Residents fight to save bushland
Residents say a public environmental review of an ecologically unique and diverse piece of bushland in the City of Kwinana is needed to help save it from destruction.
The Environmental Protection Authority sought public comment on the proposed subdivision of Lot 123 Mortimer Road, Casuarina, last week to decide what level of assessment, if any, would be done. The 45ha lot is proposed to be subdivided into two lots; one conservation lot of 7.9 hectares and a balance lot for residential development.
Casuarina Wellard Progress Association president Stephen Sturgeon said the entire lot contained “excellent quality” remnant banksia woodland vegetation, threatened fauna habitat and a conservation-category wetland.
He said it was a significant foraging and breeding site for the the endangered Carnaby’s black cockatoo and the vulnerable forest red-tailed black cockatoo.
Mr Sturgeon said the proposal lacked measures to avoid or reduce environmental impacts.
“The site is one of the largest and highest condition unprotected remnant portion of bushland in the City of Kwinana,” he said.
“The conservation value of this bushland is paramount to the survival of the threatened ecological communities located at the site as well as the critically endangered, endangered or vulnerable fauna that either live, roost or forage there,” he said.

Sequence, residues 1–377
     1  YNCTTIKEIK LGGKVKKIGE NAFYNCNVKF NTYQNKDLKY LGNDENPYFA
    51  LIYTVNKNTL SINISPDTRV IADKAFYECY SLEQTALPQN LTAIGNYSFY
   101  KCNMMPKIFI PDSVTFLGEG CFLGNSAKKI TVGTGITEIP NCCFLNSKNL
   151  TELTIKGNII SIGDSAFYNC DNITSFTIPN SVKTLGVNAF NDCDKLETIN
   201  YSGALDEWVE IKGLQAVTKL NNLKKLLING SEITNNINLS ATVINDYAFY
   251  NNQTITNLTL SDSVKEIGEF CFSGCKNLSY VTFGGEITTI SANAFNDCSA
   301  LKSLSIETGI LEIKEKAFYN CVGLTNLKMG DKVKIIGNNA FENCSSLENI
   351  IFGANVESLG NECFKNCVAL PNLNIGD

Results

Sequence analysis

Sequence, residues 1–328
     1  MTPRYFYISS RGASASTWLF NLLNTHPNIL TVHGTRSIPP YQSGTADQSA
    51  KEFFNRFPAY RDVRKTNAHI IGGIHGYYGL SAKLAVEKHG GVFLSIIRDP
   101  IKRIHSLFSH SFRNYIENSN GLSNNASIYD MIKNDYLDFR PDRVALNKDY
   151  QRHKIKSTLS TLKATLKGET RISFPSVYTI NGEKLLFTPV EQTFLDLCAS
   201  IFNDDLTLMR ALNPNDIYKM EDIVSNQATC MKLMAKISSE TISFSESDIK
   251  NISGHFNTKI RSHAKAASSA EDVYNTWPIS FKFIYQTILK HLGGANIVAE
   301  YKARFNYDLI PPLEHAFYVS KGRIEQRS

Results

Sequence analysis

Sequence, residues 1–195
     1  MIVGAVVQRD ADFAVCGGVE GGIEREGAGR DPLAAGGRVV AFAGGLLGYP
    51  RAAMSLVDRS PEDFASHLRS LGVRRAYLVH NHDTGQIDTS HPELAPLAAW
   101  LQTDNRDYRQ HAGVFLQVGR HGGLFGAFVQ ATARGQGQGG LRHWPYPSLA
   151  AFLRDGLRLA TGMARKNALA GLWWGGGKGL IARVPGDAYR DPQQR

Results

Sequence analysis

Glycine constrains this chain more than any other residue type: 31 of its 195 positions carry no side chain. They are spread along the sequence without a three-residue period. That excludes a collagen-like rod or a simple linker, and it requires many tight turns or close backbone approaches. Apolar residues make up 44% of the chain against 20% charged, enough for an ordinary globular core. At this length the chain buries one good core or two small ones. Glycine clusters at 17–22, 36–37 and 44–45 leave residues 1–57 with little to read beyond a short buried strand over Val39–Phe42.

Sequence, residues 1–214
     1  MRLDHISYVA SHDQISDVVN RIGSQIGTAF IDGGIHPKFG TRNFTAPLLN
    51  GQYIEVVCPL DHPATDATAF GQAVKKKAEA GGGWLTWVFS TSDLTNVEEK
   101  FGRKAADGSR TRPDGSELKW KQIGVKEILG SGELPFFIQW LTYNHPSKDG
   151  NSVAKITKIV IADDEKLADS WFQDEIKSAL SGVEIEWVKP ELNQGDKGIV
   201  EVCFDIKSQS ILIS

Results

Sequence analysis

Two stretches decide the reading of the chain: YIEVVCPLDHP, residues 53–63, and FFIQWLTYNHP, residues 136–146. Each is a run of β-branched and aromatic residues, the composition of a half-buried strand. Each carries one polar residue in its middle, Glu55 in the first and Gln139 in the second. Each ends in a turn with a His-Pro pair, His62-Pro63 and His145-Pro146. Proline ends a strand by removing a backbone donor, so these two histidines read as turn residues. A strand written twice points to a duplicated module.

“The conservation and resource enhancement wetlands on the site will be destroyed.”
City of Kwinana mayor Carol Adams said the City held “grave concerns” about any potential clearance of the site.
She said the City had been “very vocal” about the importance of protecting local bushland of significant conservation and environmental value in Kwinana.
"It is our intention to continue to advocate for the protection of flora and fauna in Kwinana well into the future," she said.
Ms Adams said the proposed subdivision would have “unacceptable direct impacts” on the site’s environmental value and should be assessed with public contribution.
The property has been privately owned by a single owner for the past 60 years.
A spokeswoman for the proponent said while the site had a greater environmental significance now than when it was purchased, it was zoned urban,and the proposed development was consistent with the relevant policies.
She said the environmental value of the site had been considered and an assessment had been carried out on behalf of the proponent to investigate the impact on the whole site, and the extent of the site as a foraging ground to threatened cockatoo communities.
“The EPA will make a decision based on the information provided (and the feedback from the public comment period),” she said.
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